Greatest Love Story EVER Told

I’ve been trying to write the greatest love story ever told since I was divorced. I am sure I’ve written this story at least 20 times. Each time showing the heroine saving the damsel and loving her for the rest of their lives. The problem with that story is, it’s too unrealistic for me to imagine, let alone write. It wasn’t until this month that I realized the Greatest love story ever told shouldn’t be about romantic love but just Love in general.


Let me tell you a story about a young foster child that had to learn what love is. I was taken out of the home a few times through out my adolescence for Child abuse. My father had been raised in a corporal punishment household and mimicked what he had been taught. The punishment for indiscretions in our household was a whipping. The unfortunate part is, my daddy wasn’t aware of his strength and many times, went too far. At 43 I still have battle scars from those whippings on my body and in my mind. That abuse made me Leary of fatherly love. I didn’t trust that men could love me unless I was being obedient and submissive.

I didn’t have an engaged grandfather, just a Godfather, Uncles and Cousins. These are the men that decided that who I was and who I was intended to be, was important enough to be available to “save me.”

My Godfather the Late Willie J. Wynn was the First man to be my Hero. We were in Reno, NV and it was the first time I was taken out of the home for an excessive whipping. I was already in the Washoe County Department of Family Services system. My Godfather was a Reverend and sat on the Governors cabinet. He was what the kids would now call “The Real Deal!”  The story goes, my mom called my Godfather and told him I was in the system and would he PLEASE go get me.

I was 6 at the time but I remember my God daddy showing up and telling me, “get your stuff!” “You’re coming home with me!” The ride to his house was quiet. I was worried because I knew he had 9 children and I would make 10. How on EARTH was he going to be able to care for ONE MORE CHILD? I was concerned I wouldn’t be a good girl enough and they would have to send me back to the group home. On that ride to his house, I remember making a pact with myself. I would be a SUPER GOOD GIRL and they would let me stay.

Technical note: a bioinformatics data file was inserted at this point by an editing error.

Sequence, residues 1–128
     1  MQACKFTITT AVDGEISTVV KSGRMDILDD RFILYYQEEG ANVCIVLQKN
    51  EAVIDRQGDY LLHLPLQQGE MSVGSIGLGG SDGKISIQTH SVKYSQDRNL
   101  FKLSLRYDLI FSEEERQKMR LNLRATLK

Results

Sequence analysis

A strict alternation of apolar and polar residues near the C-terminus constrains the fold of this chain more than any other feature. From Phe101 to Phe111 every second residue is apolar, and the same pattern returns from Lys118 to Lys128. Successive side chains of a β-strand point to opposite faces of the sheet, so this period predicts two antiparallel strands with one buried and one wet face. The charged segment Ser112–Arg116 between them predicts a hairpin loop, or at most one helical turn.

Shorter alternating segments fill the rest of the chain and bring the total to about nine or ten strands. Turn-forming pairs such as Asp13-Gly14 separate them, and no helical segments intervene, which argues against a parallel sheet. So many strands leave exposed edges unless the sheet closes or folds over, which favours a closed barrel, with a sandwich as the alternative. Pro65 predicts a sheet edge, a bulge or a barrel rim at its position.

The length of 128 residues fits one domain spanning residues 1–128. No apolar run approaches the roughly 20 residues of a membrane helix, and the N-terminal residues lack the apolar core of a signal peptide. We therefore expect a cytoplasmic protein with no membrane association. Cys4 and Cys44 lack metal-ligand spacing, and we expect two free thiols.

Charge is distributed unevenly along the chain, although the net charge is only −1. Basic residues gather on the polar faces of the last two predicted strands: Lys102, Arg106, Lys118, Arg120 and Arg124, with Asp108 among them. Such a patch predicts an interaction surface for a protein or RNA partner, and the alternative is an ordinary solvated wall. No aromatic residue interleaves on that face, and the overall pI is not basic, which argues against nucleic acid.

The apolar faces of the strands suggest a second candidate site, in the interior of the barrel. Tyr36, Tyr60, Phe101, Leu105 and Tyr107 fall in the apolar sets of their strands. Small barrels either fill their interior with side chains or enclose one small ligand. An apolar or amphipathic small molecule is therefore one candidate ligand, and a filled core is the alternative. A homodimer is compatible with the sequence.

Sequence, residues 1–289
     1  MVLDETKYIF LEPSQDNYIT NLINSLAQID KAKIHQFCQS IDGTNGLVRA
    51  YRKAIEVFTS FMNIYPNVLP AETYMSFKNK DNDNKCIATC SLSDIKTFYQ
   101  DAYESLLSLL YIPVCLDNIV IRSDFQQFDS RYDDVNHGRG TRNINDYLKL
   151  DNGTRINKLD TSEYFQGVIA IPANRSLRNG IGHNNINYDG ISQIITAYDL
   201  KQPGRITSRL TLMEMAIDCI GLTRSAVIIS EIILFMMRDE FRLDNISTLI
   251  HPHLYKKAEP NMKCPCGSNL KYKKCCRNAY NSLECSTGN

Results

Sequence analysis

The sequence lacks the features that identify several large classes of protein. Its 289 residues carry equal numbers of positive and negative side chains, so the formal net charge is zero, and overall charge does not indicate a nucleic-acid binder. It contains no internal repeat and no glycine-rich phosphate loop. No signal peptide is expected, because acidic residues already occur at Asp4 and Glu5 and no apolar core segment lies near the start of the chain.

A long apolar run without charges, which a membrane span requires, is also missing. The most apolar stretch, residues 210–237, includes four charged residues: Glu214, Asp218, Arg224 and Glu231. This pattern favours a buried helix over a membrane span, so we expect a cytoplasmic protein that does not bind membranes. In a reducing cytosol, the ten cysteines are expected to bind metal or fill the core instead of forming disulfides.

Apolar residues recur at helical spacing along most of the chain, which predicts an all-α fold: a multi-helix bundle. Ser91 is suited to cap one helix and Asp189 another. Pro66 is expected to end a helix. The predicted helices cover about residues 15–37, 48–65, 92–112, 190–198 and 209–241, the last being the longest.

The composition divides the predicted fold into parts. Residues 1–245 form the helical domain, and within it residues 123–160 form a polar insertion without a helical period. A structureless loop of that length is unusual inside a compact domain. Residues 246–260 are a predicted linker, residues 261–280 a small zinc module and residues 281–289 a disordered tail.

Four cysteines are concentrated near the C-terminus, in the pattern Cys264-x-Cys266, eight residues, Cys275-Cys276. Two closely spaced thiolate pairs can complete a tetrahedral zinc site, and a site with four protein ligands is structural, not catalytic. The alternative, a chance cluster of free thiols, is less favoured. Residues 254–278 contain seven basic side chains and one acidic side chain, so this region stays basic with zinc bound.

I wasn’t a super good girl. I wasn’t disobedient just a little more “rambunctious” than my God mother was used to from a girl. I stayed with them for over 18 months. During that time, I managed to put a hole in the wall by running in the house and skinned my knee open bad enough that I needed 13 stitches.  Nevertheless, my God daddy NEVER yelled at me. When it came time to go back home my Godfather prayed over me and told me, “you will be greater because of your resilience” I did not know what that meant but I held on to that. He showed me a different type of love from a father to a child.

My Uncle Hodge (His last Name) was more my Grandfather than My Uncle. As a child I spent most of my Summers with him, his wife Aunt Lois and my cousin. He was Militant but a loving man. Like My God daddy, Uncle Hodge was also a Pastor and highly regarded in his Community. Uncle Hodge passed away when I was 27 but he will always be one of the wisest men I EVER KNEW.